The province also levied an annual speculation / empty homes tax levy of 1 per cent of the property’s assessed value (on top of the annual property taxes) for homes which are vacant for more than 6 months a year. The objective is to encourage homeowners to place their vacant (or mostly vacant) property on the rental market, in the hopes it opens up more affordable options for prospective tenants.
Here is an article from November 2018 called Empty Homes Tax Not Helping Rental Crisis, Generating Millions More For Vancouver: Report. There are some problems with this proposal, in particular, that this tax will also be applied to remote cottages and cabins that aren’t really accessible, or conducive to renting to tenants. Here’s Canadians With B.C. Vacation Homes To Be Hit With A New Tax
The province also negotiated with Airbnb (and other furnished rental platforms) an agreement that requires the people operating an Airbnb to pay a short-term rental licence fee of $56 plus an annual fee of $49, and to have Airbnb guests pay an 8 per cent provincial sales tax on top of the cost of their rooms/parking at the time of booking. Last year this apparently generated nearly $43 mil in revenue.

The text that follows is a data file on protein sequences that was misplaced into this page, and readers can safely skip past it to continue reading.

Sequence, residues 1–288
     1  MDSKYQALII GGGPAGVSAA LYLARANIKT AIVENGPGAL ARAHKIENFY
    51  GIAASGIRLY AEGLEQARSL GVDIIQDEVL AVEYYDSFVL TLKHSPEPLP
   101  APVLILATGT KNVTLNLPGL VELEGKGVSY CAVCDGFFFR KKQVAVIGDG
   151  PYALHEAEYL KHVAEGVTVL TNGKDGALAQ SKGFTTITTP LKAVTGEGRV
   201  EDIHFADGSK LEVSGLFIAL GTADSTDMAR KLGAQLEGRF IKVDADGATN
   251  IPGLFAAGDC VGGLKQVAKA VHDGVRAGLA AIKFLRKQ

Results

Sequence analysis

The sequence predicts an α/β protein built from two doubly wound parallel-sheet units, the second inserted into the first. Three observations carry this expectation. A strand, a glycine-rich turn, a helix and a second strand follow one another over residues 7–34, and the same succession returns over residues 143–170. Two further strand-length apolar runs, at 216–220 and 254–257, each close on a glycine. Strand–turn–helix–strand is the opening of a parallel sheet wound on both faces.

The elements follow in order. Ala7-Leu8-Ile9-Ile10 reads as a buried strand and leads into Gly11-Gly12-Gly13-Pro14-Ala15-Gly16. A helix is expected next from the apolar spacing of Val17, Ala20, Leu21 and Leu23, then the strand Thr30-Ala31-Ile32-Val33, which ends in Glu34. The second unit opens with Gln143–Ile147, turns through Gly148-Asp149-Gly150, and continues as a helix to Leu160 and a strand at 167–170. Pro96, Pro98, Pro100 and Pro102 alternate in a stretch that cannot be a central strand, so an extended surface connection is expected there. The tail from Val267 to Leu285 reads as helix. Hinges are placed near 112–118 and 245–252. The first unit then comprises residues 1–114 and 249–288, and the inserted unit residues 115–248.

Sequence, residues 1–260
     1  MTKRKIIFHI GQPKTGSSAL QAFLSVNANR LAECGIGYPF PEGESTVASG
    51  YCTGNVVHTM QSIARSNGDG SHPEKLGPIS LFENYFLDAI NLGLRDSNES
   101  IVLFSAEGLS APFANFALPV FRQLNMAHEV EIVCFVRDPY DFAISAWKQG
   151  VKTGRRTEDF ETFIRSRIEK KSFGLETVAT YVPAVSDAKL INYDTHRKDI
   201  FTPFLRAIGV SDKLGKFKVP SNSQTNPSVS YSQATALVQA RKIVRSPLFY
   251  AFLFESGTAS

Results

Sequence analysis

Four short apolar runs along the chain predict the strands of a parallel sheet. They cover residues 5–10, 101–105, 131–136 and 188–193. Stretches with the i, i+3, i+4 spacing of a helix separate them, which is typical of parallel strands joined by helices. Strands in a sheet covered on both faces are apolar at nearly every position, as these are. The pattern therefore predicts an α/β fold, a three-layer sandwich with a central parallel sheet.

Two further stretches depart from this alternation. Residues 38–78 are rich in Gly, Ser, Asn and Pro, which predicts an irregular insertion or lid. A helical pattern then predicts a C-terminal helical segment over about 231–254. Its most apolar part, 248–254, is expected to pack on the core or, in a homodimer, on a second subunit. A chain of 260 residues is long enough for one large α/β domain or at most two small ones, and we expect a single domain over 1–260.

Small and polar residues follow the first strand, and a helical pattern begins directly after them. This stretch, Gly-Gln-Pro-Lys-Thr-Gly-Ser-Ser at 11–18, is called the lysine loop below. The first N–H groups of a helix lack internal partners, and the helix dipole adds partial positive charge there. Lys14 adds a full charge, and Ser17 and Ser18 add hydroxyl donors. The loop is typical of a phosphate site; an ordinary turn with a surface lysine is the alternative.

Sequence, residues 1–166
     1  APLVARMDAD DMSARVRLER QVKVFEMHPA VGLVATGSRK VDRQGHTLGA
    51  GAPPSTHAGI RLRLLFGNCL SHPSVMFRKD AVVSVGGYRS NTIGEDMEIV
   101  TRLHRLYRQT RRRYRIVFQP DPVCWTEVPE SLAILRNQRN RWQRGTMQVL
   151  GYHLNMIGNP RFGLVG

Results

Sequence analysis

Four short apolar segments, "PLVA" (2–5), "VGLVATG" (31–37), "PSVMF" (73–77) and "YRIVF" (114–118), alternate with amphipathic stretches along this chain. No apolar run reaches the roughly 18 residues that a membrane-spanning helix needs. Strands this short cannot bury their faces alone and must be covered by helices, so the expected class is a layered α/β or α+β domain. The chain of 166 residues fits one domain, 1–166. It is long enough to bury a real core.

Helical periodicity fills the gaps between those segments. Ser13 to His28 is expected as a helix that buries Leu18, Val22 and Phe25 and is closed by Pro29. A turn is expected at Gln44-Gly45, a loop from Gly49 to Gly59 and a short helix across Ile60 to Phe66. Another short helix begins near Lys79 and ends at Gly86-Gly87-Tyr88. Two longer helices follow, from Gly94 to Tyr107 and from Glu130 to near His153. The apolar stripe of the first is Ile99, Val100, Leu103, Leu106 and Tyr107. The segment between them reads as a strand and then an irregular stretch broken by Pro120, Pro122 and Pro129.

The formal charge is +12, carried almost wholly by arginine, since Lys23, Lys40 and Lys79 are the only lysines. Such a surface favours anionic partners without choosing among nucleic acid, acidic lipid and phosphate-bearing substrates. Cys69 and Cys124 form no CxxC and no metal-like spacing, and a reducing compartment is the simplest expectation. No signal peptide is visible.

And again, trailblazing with regulation around housing, Vancouver was the first city in North America to take steps to alleviate the pressure on supply in the rental market from Airbnb. They require short-term rental operators to be registered with the city. The rental must be a landlord’s principal residence, and they can rent it out for no more than 30 days at a time.